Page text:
Currently we find that the energy benefits of closed crawlspaces are not completely predicted by popular energy analysis software packages, so it may be some time before closed crawlspaces get their due respect when builders choose house specifications aimed at achieving a certified minimum energy rating.We hope that our research findings will spur refinements in the analysis tools, and that in the meantime the data will reinforce the argument that consumers can improve their homes by building or retrofitting a properly closed crawlspace. Data from a subset of two highly instrumented houses in the project are being used to validate a hygrothermal modeling tool under development at Oak Ridge National Laboratory.
        Initial construction costs associated with building closed crawlspaces will almost always be more than for traditional wall-vented construction. As the new construction methods are evaluated by both builders and researchers, it will be important to factor in the value of reduced callbacks for moisture and mold complaints, the perception of enhanced value by the consumer, and the resulting improvement in sales price and volume, and reduced legal action. Reduced maintenance; a reduction in costly, long-term repairs; and significant energy savings will enhance the value of closed-crawlspace construction to the consumer. Other Advanced Energy research is focused on the potential indoor air quality (IAQ) and health impacts of closedcrawlspace construction, which could indicate a whole new class of benefits from this technology.The future could include insurance premium savings for houses built on certified closed crawlspaces.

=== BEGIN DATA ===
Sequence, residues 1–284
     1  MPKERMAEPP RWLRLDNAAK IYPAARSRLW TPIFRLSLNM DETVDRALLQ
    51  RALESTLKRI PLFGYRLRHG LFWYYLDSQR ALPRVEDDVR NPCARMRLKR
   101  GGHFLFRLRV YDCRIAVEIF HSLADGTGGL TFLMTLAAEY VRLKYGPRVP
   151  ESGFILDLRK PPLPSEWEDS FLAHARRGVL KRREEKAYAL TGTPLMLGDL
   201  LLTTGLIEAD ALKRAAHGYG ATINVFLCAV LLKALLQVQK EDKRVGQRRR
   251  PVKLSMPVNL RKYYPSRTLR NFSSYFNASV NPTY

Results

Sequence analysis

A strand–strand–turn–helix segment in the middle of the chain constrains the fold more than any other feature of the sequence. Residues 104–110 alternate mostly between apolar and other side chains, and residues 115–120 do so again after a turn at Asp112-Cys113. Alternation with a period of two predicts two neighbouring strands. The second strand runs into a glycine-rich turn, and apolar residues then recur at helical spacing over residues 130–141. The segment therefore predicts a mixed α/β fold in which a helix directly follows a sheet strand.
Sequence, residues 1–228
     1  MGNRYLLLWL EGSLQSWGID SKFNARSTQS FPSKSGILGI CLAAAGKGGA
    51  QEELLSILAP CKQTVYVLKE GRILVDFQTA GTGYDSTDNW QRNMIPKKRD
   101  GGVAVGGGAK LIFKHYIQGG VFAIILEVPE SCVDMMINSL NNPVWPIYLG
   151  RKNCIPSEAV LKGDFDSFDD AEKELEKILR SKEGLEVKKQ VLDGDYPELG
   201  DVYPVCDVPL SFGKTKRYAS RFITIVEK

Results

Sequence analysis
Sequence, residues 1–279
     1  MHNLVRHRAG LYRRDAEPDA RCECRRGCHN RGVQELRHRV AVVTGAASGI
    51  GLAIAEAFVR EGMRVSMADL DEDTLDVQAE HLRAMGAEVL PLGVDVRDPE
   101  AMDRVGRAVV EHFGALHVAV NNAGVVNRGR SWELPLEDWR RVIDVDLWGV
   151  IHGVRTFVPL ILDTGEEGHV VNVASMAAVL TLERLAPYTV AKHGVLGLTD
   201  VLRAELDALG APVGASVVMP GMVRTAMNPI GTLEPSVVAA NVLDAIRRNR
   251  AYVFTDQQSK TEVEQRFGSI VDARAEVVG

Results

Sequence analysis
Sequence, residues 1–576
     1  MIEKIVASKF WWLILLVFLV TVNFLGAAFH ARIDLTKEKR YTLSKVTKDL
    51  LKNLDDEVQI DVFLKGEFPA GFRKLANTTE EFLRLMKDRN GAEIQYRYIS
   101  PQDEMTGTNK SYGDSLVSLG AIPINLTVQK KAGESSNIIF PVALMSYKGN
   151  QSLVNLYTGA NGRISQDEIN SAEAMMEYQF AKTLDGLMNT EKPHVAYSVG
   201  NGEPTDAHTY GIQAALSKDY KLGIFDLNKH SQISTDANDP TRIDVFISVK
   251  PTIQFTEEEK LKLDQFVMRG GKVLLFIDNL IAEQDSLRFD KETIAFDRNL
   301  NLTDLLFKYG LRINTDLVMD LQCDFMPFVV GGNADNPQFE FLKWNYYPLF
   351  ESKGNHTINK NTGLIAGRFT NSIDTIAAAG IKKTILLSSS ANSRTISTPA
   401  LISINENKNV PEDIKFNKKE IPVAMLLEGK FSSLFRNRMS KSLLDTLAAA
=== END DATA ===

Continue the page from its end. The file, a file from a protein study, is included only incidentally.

One specific measure of IAQ that we have addressed in this project is radon risk. Long term radon monitoring was performed in all the crawlspaces and conditioned areas. Slightly higher average concentrations were found in the closed crawlspaces, with measurements averaging 0.5 picocuries per liter (pCi/l) in the vented crawlspaces and 1.1 pCi/l in the closed crawlspaces. The radon measurements in the conditioned space do not show any difference correlated with the type of foundation they are on; all houses average approximately 0.5 pCi/l with a maximum reading of 0.7 pCi/l in any house. The commonly accepted action level for radon remediation is 4 pCi/l. We believe that a closed crawlspace should be thought of as a short basement when it comes to radon mitigation, since similar measures are applicable for assessment and control of risk where needed.